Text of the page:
TORONTO – One look at NASA’s Orion spacecraft and you immediately think of the Apollo capsule that took humans to the moon.
But there are differences. Let’s take a look at some.
It’s bigger on the inside
Apollo was 3.9 metres in diameter. Orion will be 5 metres. So that means it’s a bit roomier. While Apollo was designed for three astronauts, Orion is designed to carry four astronauts into space.
Apollo was comprised of the command module and service module. While Orion will also be part of a bigger spacecraft, it will be significantly larger than Apollo in order to endure longer missions.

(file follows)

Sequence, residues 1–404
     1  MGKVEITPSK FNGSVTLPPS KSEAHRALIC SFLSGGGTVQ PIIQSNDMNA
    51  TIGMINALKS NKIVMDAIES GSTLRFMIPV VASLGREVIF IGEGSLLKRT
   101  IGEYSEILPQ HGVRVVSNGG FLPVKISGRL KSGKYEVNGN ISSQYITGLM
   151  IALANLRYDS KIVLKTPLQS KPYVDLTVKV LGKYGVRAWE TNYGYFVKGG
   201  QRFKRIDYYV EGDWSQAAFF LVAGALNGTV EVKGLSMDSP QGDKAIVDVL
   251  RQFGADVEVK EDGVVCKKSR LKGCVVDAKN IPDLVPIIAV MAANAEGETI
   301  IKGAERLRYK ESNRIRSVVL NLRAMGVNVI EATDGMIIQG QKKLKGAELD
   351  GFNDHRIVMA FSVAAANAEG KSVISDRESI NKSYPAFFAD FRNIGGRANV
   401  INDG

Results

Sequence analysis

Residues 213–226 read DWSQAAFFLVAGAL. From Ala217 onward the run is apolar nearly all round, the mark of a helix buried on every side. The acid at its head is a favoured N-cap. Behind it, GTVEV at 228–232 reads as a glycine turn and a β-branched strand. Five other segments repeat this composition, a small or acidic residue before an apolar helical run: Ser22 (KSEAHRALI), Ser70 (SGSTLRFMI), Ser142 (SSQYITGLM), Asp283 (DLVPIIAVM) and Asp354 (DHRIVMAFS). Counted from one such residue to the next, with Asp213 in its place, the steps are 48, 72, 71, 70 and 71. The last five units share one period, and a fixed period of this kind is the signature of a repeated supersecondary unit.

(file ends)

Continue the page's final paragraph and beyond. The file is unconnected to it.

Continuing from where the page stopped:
The rocket that’s launching Orion on its test flight on Dec. 4 is a big one, but it’s actually not the one that will send humans to Mars. That will be the Space Launch System (SLS) currently under construction.
With updated technology (we’ve come a long way since the 1960s), the Orion spacecraft is now safer than its earlier predecessors. For example, a launch abort system will move the crew to safety should there be a launch issue with the rocket.
The Orion spacecraft can function uncrewed for up to six months. During the Apollo missions, a crew member had to remain in orbit. For longer missions — such as that to Mars which would take 9 months one way — a habitation module will be included with the Orion crew module.